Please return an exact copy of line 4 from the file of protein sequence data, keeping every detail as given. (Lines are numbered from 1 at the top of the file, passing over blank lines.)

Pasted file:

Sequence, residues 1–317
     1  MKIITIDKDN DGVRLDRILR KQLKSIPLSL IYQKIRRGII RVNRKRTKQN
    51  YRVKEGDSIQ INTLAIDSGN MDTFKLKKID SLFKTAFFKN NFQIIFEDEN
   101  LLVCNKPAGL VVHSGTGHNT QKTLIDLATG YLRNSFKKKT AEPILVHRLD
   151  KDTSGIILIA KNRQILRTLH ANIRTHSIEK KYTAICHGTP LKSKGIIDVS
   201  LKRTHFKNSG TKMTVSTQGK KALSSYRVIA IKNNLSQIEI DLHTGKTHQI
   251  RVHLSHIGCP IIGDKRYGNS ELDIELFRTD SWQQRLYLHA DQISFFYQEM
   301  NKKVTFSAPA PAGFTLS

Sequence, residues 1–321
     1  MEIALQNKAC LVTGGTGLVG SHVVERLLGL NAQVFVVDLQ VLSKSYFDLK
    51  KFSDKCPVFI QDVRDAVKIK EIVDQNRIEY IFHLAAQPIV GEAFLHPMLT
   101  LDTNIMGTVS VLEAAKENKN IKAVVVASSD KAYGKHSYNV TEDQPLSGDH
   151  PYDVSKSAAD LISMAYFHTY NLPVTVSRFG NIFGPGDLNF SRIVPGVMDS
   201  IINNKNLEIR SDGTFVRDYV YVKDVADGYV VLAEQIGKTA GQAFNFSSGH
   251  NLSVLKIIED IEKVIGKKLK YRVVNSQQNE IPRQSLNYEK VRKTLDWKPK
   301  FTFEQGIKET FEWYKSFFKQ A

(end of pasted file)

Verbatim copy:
   101  LLVCNKPAGL VVHSGTGHNT QKTLIDLATG YLRNSFKKKT AEPILVHRLD